I let myself have a really good cry and then I put the bandages back on, wiped my tears and had to make a choice. This was a defining moment for me. I could fall back into sad and let myself go to a dark place OR I could hold on to everyone around me that had been cheering me on and move forward. I dug really deep and looked myself in the mirror and promised myself…not anyone else…I promised myself that this would not define me. I had fought so hard to get to this point and removing my breasts was part of that battle. I was still here and I was not going anywhere.

A week or so later, we were heading in to see my surgeon to find out the outcome from the bilateral mastectomy surgery. This was huge. This was going to determine so much and it was completely out of our hands. We did not talk much on the way to the appointment, listened to music in the car and I just did my best to breathe. I was a nervous wreck and was praying to God the whole ride in that we would get good news, asking God to just hold me strong. Once we were sitting in the room waiting for the doctor to come in, I almost barfed. I was sweating and I could not say anything. Just sat there and prayed. To this day, I can see her smile as she opened the door, looked me in the eye and said “We got it all.” It was the best news I had ever heard in my life and I hopped off the table and gave her the biggest hug I could and thanked her over and over. My margins were clear, there was no trace of any cancer in my lymph nodes and I did NOT have to have radiation. I was considered “NED” or “No Evidence of Disease” and as of July 1, 2015, I was cancer-free!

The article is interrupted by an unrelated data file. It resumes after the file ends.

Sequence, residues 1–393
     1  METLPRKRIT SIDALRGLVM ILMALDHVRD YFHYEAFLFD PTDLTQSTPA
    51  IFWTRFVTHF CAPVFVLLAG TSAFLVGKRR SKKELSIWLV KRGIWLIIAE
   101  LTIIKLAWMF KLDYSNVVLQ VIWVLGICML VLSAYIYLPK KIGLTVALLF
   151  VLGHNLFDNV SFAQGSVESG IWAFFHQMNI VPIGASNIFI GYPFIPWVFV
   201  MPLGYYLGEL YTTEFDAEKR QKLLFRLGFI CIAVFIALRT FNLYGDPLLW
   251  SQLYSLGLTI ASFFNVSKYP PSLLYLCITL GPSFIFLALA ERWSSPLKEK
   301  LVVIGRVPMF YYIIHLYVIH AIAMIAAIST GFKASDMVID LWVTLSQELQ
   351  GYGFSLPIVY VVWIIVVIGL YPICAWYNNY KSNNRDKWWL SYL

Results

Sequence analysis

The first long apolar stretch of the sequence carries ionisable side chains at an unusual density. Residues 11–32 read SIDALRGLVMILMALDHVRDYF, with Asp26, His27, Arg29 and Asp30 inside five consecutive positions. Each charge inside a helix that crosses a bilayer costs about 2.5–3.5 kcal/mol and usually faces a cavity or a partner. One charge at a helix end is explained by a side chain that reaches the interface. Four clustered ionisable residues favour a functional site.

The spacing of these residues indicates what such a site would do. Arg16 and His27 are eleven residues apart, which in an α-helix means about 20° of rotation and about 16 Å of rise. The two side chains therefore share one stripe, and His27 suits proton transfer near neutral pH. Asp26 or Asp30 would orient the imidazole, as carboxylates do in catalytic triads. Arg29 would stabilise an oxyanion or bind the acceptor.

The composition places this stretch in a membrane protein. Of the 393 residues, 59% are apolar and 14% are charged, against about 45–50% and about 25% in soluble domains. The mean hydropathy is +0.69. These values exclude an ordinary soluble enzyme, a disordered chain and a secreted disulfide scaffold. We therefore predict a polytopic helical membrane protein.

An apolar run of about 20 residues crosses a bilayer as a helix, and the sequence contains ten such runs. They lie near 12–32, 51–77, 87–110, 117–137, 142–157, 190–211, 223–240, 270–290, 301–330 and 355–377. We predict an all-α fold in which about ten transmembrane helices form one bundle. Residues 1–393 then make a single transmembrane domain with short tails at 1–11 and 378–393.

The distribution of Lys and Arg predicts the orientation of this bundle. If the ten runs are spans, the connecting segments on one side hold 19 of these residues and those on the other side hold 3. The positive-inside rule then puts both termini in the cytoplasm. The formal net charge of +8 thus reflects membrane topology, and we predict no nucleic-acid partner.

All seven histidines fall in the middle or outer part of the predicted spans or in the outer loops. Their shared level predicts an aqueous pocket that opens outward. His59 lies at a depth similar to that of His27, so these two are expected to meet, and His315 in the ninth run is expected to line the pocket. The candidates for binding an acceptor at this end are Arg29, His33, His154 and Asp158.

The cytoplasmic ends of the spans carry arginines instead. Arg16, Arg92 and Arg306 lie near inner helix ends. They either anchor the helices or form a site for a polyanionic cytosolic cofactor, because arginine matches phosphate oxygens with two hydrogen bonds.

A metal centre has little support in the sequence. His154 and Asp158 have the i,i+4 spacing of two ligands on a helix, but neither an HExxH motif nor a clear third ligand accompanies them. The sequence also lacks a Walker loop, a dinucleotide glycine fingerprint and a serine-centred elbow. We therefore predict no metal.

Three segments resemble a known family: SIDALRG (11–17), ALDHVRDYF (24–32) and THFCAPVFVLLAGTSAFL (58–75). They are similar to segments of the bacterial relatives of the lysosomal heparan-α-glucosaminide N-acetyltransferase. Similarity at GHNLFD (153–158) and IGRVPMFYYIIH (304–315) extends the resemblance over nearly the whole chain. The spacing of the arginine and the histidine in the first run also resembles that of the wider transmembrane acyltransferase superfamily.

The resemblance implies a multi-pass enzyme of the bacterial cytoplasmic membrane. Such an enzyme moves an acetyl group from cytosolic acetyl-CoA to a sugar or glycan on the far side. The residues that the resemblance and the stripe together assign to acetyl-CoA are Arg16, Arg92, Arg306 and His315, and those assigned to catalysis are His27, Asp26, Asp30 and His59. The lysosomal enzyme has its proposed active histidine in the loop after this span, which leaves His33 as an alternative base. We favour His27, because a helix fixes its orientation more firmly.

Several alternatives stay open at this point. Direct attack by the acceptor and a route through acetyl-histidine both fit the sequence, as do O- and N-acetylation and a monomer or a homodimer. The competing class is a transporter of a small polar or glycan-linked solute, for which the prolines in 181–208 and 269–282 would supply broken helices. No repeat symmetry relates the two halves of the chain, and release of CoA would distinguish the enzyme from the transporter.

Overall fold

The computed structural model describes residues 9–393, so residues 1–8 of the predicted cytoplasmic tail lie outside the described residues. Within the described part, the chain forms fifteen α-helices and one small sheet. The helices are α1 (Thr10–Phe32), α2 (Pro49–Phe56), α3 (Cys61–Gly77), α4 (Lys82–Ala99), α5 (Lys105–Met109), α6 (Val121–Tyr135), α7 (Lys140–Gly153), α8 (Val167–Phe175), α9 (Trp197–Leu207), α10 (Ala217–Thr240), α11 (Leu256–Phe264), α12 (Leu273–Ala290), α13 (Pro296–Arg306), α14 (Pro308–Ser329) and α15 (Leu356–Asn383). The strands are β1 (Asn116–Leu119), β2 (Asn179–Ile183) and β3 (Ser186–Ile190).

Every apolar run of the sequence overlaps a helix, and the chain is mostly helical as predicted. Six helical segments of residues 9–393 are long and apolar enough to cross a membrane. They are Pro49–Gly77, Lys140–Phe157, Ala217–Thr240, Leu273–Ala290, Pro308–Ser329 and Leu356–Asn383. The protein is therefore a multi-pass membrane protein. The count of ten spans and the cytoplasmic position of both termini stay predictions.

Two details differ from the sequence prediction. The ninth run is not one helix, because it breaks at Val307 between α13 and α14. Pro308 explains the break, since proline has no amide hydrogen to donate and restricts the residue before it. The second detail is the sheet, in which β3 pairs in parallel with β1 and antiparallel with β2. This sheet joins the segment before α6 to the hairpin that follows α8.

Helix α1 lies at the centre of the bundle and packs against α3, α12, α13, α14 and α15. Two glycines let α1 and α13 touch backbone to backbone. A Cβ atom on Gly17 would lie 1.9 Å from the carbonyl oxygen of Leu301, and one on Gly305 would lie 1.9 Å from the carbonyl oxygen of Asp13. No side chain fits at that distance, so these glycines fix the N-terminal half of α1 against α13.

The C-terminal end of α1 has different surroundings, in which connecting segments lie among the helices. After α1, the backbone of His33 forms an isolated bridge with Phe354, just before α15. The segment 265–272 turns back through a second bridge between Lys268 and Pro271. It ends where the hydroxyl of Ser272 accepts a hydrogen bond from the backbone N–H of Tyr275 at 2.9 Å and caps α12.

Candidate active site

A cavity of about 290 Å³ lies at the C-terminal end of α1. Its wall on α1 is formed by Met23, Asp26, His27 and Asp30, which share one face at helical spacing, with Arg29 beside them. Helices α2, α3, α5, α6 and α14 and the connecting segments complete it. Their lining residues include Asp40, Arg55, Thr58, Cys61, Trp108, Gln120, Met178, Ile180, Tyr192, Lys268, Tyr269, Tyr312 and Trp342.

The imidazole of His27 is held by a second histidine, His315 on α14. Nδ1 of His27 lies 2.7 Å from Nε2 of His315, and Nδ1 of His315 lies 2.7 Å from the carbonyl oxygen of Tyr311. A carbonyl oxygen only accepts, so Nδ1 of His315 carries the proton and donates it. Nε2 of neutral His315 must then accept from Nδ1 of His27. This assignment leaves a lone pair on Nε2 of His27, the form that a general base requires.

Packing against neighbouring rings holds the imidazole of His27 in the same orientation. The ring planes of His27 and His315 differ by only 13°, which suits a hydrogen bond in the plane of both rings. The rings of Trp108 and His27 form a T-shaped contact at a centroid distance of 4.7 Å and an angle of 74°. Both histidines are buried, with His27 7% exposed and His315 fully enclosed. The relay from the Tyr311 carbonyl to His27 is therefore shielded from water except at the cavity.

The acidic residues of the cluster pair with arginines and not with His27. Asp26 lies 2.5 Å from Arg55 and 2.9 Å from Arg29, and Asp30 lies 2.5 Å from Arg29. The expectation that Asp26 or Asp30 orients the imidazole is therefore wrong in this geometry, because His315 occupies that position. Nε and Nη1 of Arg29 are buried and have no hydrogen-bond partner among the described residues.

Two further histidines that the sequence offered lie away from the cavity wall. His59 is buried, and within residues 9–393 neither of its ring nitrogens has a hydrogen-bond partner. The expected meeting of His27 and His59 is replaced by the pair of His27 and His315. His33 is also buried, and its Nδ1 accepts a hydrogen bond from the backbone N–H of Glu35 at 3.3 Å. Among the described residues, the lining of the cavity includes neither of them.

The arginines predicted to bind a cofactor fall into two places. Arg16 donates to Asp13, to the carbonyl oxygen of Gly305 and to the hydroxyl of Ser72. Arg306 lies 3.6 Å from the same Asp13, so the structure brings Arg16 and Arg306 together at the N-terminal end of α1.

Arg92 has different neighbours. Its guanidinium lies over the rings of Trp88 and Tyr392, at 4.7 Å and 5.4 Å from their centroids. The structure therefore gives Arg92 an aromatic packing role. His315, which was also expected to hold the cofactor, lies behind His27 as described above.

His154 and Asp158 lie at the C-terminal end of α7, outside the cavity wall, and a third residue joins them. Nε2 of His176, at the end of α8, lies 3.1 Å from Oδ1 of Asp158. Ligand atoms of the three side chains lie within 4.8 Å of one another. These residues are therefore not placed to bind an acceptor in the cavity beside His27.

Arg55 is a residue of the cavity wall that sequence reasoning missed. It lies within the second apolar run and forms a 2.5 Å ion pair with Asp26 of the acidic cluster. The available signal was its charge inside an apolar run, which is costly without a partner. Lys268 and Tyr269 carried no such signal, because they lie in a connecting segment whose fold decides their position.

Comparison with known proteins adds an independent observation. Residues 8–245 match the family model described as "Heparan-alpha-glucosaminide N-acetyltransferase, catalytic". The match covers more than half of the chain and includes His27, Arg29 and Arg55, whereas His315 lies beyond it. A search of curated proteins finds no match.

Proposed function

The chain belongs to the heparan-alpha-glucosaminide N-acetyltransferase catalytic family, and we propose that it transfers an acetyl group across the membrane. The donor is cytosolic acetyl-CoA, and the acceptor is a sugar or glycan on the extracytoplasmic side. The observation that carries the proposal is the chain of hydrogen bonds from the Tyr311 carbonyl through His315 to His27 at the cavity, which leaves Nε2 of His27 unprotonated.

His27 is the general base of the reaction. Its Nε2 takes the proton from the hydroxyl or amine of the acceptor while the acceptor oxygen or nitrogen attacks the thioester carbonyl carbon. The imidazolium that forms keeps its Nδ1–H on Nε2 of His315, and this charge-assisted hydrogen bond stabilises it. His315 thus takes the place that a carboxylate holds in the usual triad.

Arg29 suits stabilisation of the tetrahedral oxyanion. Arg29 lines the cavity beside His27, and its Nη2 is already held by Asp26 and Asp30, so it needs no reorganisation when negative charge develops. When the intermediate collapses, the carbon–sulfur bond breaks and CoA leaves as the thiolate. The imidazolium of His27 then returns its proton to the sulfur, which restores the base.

It was time to celebrate and start to LIVE our lives without fear around the corner. On the drive home from the appointment, I felt so overjoyed with relief, but I also felt sad. I am one of the lucky ones. I thought a lot about my Mom and how she was never able to hear those words. She was never able to celebrate being free of cancer. She lived for all of us, but never showed us her fear or how she was living the end on borrowed time. I thought of all my cancer warrior friends I had made and that so many of them would not be as lucky as I was at this moment. I felt an incredible amount of peace in my heart and I vowed I would always do everything I could to help others going through cancer.

I went on to have multiple surgeries to get my implants exchanged, had 3D nippple tattooes and then had my ovaries and one remaining fallopian tube removed. Since my cancer was hormone positive and I am also BRCA positive, it was recommended for me to alleviate any chances for recurrence with the surgery. I am on a daily medication called Arimidex that blocks all estrogen in my body (HELLO MENOPAUSE) and causes incredible side effects (hot flashes, joint pain, insomnia, high cholesterol to name a few), but I AM HERE. I am strong. I am living my life every day knowing how lucky I am, how blessed I am and how many people are out there fighting every second of every day. Cancer has certainly changed my life and it may be a huge chapter of my book, but not the title to my story.

I am seeing fireflies everywhere these days…